Fifth, personnel skilled in trade negotiations are in demand and the supply is short. New Zealand’s Ministry of Foreign Affairs and Trade have a Trade Negotiation Division of nearly three dozen officials backing up the Minister of Trade, but they are fully occupied with preparing feasibility studies, cost-benefit analyses, detailed proposals, and a repertoire of responses to partners’ requirements distilled from decades of experience. Furthermore, line diplomats are obliged to engage with trade issues, and even act as negotiators at short notice, in addition to their other duties. Trade ministers have dealt with this problem by seeking advice from private sector producers, export leaders, and associations such as the NZ International Business Forum. Trade Minister Todd McClay recently established a Trade Advisory Group which enlists members of civil society.

As I describe in New Zealand Trade Negotiations, a negotiation typically passes through eight phases:

  • problem identification
  • diagnosis
  • pre-negotiation
  • negotiation
  • legitimation
  • ratification
  • implementation
  • adjustment

Each phase requires special skills. The legitimation phase, so vital for national political consensus, now extends across all the other phases.  The process as a whole may take as little as one year (with Singapore), or as long as eight years (with Hong Kong), or never get started despite persistent efforts (with the United States).

Is New Zealand’s position hopeless because of the diminutive size of its economy and consequent lack of bargaining chips? Fortunately, I have found the opposite. New Zealand negotiators made up for clout by applying ‘issue power’, that is, focussing on specific issues and applying logic and evidence to persuade counterparts to grant concessions. They even cited New Zealand’s vulnerability and smallness as reasons why concessions could be made in the spirit of fair play at no cost or risk to the larger economies.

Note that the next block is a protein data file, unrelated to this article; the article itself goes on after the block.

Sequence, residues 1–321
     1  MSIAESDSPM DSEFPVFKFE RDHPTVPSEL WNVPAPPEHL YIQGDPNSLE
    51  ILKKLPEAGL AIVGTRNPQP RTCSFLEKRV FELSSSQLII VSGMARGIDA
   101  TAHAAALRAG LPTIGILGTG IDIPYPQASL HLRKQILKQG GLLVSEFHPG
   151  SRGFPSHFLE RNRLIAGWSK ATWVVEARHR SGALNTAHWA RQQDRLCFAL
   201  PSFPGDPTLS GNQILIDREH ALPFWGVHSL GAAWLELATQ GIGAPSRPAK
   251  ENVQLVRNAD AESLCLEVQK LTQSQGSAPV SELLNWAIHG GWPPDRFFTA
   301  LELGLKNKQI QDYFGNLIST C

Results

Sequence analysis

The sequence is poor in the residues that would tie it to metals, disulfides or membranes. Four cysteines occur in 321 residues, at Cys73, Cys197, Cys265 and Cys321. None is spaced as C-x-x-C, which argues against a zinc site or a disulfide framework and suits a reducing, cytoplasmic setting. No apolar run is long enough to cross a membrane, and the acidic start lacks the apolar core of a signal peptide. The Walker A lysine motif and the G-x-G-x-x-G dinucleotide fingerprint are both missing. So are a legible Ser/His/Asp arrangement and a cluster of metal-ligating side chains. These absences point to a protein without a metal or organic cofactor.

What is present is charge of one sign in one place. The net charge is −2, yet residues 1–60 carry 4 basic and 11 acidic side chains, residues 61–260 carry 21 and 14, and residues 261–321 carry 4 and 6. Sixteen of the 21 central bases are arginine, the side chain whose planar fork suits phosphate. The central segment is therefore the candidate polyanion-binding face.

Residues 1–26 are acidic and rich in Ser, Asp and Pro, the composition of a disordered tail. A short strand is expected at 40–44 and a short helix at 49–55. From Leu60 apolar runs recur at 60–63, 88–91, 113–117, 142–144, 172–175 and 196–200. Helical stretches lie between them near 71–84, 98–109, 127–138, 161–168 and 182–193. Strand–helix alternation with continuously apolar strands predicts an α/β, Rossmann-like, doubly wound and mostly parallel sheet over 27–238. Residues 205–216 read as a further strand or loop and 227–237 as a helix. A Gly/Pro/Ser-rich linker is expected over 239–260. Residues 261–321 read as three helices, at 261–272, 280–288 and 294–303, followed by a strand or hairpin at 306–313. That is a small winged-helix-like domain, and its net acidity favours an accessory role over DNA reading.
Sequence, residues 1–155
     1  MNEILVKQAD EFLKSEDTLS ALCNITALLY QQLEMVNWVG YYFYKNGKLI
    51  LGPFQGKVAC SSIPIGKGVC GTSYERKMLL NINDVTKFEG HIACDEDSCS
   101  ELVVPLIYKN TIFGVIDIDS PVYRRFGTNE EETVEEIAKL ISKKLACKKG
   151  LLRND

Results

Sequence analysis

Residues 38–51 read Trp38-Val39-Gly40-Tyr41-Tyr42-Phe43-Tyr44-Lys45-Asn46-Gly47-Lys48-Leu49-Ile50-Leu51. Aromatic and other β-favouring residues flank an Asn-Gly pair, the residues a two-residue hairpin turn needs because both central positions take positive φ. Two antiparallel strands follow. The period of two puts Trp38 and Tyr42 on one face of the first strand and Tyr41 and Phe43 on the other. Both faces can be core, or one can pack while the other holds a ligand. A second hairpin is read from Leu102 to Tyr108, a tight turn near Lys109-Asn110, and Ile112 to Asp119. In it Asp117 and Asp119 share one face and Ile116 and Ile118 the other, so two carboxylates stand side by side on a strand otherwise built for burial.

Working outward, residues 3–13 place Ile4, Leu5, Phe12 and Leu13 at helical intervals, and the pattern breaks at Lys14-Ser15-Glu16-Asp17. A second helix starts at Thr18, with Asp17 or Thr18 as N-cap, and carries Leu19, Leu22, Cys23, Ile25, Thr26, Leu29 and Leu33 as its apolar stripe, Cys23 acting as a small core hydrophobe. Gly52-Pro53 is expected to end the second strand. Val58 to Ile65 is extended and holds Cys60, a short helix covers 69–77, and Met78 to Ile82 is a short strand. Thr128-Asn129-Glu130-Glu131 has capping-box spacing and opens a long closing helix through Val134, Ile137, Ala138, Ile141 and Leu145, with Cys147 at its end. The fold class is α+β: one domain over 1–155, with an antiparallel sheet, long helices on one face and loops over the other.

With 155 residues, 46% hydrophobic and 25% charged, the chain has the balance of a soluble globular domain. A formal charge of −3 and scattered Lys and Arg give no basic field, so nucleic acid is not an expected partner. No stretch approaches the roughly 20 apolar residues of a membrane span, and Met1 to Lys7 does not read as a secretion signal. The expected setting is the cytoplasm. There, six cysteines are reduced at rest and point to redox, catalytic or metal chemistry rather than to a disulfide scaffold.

My conclusion is that New Zealand’s track record is commendable, and the ministerial and official time, effort, and costs have paid off in the form of steadily rising exports and incoming investments. Further evidence shows that leaders in the EU, the UK, and the US, and of the Pacific Alliance in South America, have all indicated that New Zealand is near the head of the queue for negotiation of new free trade agreements. That New Zealanders are respected for their negotiation skill is indicated by the facts that the WTO frequently chooses them as chairs of the Agricultural Committee and successive disputes resolution panels, and that the British Government has turned to New Zealand experts such as Crawford Falconer for advice as London prepares to conduct post-Brexit trade negotiations around the world.

But focus, persistence, and skill are still required by New Zealand negotiators, and support by the political parties and public are still needed, so the government can keep up the trade liberalisation momentum.

*published by the New Zealand Institute of International Affairs, c/o Victoria University, PO Box 600, Wellington 6140, 297 pp., RRP $40.

** Robert Putnam, ‘Diplomacy and Domestic Politics: The Logic of Two-Level Games’, International Organization, Vol 42 (Summer 1988).

Stephen Hoadley is an associate professor in Politics and International Relations at the University of Auckland.